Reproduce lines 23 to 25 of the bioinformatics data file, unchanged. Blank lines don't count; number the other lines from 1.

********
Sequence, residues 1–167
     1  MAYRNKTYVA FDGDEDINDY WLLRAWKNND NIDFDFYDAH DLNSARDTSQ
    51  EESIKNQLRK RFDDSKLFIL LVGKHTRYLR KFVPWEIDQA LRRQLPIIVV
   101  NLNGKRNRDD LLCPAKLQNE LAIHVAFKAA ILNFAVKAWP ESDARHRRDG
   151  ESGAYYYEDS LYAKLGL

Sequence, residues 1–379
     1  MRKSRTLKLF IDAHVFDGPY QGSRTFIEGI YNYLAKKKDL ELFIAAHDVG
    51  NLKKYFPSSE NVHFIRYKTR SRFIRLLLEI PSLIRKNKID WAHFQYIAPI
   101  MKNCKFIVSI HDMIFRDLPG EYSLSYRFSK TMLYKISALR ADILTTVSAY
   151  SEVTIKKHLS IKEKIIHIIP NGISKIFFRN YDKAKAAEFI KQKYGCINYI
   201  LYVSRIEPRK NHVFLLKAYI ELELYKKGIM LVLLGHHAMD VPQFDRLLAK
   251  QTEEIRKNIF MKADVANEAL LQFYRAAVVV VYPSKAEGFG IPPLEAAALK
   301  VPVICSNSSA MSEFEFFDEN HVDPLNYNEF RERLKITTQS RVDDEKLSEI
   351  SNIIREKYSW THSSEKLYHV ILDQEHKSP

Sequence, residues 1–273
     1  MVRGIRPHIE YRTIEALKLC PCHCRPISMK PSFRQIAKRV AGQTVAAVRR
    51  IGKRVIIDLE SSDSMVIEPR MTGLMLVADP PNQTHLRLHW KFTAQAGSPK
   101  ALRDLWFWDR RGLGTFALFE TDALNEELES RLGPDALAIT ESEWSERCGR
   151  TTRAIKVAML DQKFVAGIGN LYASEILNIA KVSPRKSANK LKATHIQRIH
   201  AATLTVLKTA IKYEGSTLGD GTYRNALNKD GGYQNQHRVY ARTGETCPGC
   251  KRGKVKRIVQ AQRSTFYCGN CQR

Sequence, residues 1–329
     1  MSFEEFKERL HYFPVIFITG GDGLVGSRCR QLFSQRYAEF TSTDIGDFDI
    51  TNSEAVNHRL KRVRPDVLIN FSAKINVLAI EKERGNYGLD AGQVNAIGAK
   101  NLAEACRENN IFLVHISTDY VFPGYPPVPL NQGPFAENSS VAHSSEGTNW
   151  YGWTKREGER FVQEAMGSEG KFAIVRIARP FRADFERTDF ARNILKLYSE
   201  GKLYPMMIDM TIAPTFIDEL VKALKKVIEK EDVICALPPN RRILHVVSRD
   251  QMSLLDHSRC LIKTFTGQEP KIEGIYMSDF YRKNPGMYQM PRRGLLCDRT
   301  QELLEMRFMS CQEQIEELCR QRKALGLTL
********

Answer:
     1  MSFEEFKERL HYFPVIFITG GDGLVGSRCR QLFSQRYAEF TSTDIGDFDI
    51  TNSEAVNHRL KRVRPDVLIN FSAKINVLAI EKERGNYGLD AGQVNAIGAK
   101  NLAEACRENN IFLVHISTDY VFPGYPPVPL NQGPFAENSS VAHSSEGTNW